Feds and contractors all the same?

Welcome to the debut of my Ask Milt column, which will appear on FCW.com each Friday and replaces my Friday Financials column.

Ask Milt will relate more directly to my Bureaucratus column in Federal Computer Week. Specifically, it is designed to address your questions regarding federal information technology workplace issues.

For this column, I have interspersed my replies between the reader's questions and comments.

A reader wrote: I work in an office (for a Defense Department agency) where there are nine government employees and 12 contractor employees on site. We have approximately 30 more contractor employees off site. These contract employees are from five different companies. My boss sets the policy for the government employees and has made statements that we — contractors and government employees — are all the same on site.

There are several ongoing issues in our office that are very frustrating, and I am seeking advice from you on these issues.

First issue: Government vs. contractors. Our boss has set up three teams in our office; all teams have a lead. A while ago, one lead left the office for another position. The boss temporarily replaced this lead with a contractor employee. This particular team has two to three government employees on it. My question is this: Are these government employees accountable to the contractor employees? Do government employees have to take orders/direction from contractor employees? What are the government employees' rights in this position?

Milt: Government employees are not accountable to contractor employees and never should be placed in such a position. Although your boss may not have any evil intentions, he or she has created a bad situation. Contractor employees are supposed to work under government supervision, not the other way around.

Second issue: Time and attendance. Our boss has asked the government employees to supply their work hours to her. All the government employees have noted that certain contract employees seem to come and go as they please. As a matter of fact, one contractor employee has stated that he is glad that our boss is not a clock-watcher. The entire office has noticed that this individual does seem to come and go as he pleases. My boss has also stated that this person is a dear friend. The boss has also told me that this individual walks on water.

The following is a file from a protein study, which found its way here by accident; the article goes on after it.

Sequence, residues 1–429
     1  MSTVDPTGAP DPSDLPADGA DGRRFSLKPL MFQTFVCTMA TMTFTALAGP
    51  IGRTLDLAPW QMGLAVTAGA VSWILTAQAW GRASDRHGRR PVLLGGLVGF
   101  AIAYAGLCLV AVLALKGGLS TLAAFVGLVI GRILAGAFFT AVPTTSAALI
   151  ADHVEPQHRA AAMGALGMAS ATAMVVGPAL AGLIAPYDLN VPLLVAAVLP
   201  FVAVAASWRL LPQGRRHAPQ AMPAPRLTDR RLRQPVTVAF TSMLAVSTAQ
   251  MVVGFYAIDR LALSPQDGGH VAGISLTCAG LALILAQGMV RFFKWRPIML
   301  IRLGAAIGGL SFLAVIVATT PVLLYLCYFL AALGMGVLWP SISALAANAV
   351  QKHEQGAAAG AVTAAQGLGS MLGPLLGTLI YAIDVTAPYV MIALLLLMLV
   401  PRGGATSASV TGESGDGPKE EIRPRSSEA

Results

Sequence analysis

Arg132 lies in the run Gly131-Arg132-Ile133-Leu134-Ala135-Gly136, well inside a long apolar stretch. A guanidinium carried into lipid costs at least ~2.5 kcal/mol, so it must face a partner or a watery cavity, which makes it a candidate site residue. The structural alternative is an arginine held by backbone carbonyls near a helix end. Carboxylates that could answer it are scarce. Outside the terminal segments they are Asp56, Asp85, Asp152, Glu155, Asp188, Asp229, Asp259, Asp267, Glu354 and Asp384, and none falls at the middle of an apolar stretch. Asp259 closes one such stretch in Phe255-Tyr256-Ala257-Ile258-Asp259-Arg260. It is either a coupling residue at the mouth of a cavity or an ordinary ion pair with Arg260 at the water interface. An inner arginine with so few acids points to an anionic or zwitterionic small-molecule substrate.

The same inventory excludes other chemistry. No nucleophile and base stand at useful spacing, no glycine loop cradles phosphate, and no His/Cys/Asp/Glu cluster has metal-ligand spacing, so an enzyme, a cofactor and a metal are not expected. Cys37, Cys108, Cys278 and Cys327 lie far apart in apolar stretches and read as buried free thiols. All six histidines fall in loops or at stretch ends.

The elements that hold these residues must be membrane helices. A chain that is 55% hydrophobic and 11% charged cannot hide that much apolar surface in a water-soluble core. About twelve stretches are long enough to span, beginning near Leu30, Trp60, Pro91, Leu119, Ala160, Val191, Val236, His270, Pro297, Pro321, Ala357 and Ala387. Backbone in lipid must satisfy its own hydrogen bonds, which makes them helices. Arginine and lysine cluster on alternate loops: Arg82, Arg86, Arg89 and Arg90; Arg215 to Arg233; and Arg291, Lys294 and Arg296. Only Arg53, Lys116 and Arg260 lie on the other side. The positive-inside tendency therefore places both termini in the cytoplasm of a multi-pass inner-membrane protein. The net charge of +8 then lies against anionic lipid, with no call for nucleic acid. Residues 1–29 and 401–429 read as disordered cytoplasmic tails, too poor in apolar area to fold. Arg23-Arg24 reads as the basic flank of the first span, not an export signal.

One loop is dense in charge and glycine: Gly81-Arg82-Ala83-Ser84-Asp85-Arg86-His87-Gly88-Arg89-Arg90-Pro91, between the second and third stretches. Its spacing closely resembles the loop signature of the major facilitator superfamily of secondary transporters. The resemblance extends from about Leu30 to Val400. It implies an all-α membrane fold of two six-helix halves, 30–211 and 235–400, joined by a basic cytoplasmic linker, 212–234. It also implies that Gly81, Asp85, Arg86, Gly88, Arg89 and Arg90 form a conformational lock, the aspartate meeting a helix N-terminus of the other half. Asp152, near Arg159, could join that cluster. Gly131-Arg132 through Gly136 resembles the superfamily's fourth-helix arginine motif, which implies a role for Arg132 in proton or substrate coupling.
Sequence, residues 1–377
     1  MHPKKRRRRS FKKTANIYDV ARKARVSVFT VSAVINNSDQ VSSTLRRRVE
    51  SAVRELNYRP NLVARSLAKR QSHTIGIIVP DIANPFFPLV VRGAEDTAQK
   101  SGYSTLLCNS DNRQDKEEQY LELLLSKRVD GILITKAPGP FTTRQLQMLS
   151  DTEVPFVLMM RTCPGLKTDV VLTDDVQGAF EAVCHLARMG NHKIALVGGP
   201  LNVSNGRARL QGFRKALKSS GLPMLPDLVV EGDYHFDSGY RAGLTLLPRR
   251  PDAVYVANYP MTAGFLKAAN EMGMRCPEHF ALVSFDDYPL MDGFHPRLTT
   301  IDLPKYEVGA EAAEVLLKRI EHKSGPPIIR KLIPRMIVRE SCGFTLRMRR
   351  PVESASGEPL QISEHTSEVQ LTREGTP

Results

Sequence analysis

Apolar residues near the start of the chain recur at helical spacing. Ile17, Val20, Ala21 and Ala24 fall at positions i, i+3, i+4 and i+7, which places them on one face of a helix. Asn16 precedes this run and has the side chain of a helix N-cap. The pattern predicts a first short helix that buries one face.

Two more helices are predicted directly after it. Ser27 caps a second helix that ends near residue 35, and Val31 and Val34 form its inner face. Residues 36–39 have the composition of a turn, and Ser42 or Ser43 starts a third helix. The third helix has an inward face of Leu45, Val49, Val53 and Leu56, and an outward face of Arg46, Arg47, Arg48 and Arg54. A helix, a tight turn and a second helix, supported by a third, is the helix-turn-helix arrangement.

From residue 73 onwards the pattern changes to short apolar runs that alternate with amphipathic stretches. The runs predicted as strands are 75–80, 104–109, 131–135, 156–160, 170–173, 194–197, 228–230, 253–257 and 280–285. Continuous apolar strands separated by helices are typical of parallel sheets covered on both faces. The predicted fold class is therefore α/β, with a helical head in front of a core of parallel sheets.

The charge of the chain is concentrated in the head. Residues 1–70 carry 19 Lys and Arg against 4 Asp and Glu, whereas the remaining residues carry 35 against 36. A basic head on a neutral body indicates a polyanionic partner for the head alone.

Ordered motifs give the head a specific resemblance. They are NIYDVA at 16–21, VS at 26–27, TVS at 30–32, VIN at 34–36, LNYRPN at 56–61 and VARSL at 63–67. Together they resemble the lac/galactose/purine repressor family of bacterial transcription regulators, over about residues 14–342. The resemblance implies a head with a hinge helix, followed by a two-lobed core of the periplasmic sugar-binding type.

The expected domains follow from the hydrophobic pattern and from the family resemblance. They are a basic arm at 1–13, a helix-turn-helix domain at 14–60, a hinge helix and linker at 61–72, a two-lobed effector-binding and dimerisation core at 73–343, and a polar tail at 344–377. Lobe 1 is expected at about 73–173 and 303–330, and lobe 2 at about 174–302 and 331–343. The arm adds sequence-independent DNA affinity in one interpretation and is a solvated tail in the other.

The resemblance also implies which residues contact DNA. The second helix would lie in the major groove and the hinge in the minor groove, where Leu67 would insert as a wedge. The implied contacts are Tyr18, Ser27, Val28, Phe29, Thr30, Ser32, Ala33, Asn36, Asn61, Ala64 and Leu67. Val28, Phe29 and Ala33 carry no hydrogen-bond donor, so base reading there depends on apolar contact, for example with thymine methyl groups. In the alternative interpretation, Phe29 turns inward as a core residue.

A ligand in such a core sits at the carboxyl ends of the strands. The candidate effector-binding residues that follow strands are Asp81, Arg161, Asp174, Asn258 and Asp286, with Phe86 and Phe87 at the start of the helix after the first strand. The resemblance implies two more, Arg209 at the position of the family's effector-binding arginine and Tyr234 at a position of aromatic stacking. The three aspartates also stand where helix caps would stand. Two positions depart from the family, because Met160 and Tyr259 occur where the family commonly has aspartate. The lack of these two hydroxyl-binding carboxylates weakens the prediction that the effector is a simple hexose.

Milt: Under typical circumstances, contractor employees report their time to their own administrative officer. The contractor is supposed to bill the government for the actual time. Unless the contractor isn't reporting accurately, there's nothing wrong with this situation.

Third issue: Compressed work schedule (CWS) and telework. Several weeks ago, our boss convened a staff meeting. She set down some policy for the office regarding the above items. Our boss stated that she neither favored nor supported compressed work schedules, however, she is letting one employee, who was allowed CWS by the previous boss to remain on CWS. None of the rest of us will be approved for this work schedule. Her reasoning for this is that it would be punitive to take this individual off of his current work schedule. This seems illogical. Allowing one individual to continue on a work schedule that the boss does not support seems punitive to the rest of us as well as a privilege for this one individual.

Milt: I'm inclined to agree.

Our boss then discussed the second item, teleworking (which is this agency's term for telecommuting). She told the government employees that she did a review of which positions could participate in recurring teleworking. She said she identified one position for this type of work schedule. Again, I feel that the rest of us were/are not being given the same opportunity.

Milt: Working from home is not appropriate for all positions. Some positions require the incumbent to be on-site for meetings and other activities. So your supervisor doesn't have to authorize telework for everyone, but she should authorize it for suitable positions.

Fourth issue: Bringing kids to work. At this same staff meeting, one individual discussed children being brought to the office. I understood that because our office is an open-storage office, children were not allowed. The individual who raised this issue has since brought her children to the office twice. This is the same individual who is being allowed to telecommute.

My question for all of these issues is, What recourse do we have as government employees? Are any of these issues worthy of filing a grievance? If so, what facts do we need to present and have available?

Milt: You can file a grievance if you feel strongly about any work issue. It's up to you to decide what's important.

Zall is a retired federal employee who since 1987 has written the Bureaucratus column for Federal Computer Week. He can be reached at [email protected]


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